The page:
There's been a big stink made about the power-hogging ways of HDTVs, but something else in the living room -- and something a whole lot smaller -- is probably costing more in electricity bills each month.
The humble HD set-top box uses about the same amount of power per year as a desktop computer, according to the Natural Resources Defense Council, but add DVR functionality to that device, and it suddenly sucks down more juice than a 21-cubic-foot refrigerator. It may not look like it's doing much, but a set-top box is on 24 hours a day, sipping electricity even when you turn it "off".
In fact, that standby power consumption is 66 percent of a set-top box's total draw. Combine the standby power usage of all set-top boxes in the U.S., and it totals as much power as the state of Maryland consumes in a year.
Why have the vampiric tendencies of these boxes previously avoided the scrutiny of other electronics in the campaign to go green? For one thing, there's limited consumer involvement in procuring a set-top box -- you just get one (or more) from your local cable company, which has purchased them in bulk. You can't just run out and buy the "green" version. The cable companies also say that they need the boxes to remain powered on to make updates to their services during the middle of the night, when they're least likely to impact viewing.
Finally, there's the issue of rebooting the device if it were in deep sleep mode. According to a front page article in Sunday's New York Times, British company Pace sells a set-top box to pay TV providers with a deep sleep mode that slashes power usage to just 5 percent of what the unit consumers when active. The only problem: It takes up to two minutes to reboot once powered on again. Needless to say, U.S. cable companies don't enable that mode, but in Europe, where electricity costs significantly more, consumers don't complain about the lack of instant access like American viewers would.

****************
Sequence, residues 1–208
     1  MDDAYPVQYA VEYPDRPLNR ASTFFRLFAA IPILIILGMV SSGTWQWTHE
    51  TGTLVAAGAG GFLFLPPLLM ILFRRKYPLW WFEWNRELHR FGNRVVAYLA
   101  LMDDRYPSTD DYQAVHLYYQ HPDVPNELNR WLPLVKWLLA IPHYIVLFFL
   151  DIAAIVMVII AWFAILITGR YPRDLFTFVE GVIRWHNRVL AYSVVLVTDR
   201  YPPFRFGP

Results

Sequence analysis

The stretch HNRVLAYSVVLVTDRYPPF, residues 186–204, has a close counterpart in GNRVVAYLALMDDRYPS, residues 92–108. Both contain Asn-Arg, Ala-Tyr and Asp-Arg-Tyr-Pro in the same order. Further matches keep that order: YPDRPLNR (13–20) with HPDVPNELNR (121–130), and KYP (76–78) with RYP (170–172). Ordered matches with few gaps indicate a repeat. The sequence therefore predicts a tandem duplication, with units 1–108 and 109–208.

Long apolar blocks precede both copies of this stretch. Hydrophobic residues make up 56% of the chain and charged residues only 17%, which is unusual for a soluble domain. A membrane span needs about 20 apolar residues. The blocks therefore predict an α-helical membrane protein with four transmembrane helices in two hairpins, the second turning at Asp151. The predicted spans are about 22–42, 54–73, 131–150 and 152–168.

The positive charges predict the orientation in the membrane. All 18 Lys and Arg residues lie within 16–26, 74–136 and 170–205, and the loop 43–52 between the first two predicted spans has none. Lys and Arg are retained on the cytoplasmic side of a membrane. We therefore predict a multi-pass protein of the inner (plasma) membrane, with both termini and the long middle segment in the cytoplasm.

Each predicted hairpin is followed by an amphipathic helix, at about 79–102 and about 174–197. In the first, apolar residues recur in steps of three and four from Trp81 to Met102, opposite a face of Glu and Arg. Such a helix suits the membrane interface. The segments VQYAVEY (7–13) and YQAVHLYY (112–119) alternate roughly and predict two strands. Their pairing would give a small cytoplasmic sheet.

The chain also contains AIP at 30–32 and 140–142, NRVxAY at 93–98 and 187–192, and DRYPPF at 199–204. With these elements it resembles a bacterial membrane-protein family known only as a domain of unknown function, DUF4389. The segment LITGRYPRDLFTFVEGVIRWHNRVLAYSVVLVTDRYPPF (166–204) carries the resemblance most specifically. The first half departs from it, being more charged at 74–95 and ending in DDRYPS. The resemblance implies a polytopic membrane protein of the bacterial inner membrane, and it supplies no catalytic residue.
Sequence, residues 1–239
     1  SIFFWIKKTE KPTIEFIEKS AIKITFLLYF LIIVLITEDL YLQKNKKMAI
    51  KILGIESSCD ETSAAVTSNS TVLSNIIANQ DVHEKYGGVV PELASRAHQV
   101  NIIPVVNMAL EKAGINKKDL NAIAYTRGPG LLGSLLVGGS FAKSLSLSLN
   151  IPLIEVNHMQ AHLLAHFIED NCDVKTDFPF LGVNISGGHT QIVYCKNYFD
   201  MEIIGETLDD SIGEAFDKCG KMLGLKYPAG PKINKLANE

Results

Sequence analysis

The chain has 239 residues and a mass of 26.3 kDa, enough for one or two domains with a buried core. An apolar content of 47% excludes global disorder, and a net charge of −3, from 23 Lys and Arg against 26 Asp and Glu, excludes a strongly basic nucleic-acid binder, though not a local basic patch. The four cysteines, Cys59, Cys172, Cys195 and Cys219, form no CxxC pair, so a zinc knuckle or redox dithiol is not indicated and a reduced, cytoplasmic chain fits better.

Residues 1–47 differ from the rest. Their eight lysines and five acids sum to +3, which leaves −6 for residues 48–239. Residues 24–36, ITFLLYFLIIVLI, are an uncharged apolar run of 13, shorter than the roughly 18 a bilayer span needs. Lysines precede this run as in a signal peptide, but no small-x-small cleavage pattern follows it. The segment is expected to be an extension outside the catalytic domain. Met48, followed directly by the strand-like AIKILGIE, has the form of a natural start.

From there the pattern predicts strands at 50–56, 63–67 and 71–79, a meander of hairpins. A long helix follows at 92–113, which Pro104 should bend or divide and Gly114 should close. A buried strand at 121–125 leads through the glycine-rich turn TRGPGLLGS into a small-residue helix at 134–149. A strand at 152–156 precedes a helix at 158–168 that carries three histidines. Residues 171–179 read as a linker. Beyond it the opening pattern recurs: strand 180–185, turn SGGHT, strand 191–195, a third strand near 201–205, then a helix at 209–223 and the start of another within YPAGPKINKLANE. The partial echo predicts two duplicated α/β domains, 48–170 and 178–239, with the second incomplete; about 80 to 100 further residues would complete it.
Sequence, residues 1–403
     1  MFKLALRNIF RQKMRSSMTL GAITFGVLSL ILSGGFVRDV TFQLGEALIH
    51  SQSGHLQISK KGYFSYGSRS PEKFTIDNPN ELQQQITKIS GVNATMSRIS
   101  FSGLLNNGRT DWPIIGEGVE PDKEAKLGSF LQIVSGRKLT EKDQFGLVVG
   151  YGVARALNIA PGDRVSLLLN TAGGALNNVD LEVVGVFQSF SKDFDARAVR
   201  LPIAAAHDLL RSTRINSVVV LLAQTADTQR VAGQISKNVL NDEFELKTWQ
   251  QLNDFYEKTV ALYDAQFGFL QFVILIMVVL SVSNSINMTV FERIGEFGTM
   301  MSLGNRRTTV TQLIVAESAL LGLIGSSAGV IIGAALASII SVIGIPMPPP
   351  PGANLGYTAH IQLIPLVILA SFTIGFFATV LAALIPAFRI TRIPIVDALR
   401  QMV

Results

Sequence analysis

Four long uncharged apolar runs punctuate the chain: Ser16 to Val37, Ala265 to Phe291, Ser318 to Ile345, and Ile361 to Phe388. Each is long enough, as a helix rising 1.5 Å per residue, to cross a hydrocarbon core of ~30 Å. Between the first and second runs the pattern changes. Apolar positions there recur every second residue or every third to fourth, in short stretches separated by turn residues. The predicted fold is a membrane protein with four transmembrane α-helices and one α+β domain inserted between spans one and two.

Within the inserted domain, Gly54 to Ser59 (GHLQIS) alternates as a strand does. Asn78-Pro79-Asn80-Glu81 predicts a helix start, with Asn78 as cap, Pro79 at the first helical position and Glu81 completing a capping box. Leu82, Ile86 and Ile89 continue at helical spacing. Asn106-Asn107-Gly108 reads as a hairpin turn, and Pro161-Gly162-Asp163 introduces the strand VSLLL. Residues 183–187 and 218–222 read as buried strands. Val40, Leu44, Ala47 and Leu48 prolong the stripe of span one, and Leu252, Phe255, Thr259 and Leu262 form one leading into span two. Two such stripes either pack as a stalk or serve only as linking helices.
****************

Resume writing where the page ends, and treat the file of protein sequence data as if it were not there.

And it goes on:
Energy Star is attempting to create some more stringent guidelines for set-top boxes, though earning its seal of approval is voluntary, and since subscribers are at the whim of their provider's technology, it won't make the same impact as a buyer seeing an Energy Star logo on a TV or an appliance that can be purchased at a store.
Other set-top box manufacturers tell the New York Times that there's no pressure from consumers for more energy efficient boxes. So expect to continue paying an additional $10 or so per month for your cable service -- it will just show up on your electric bill.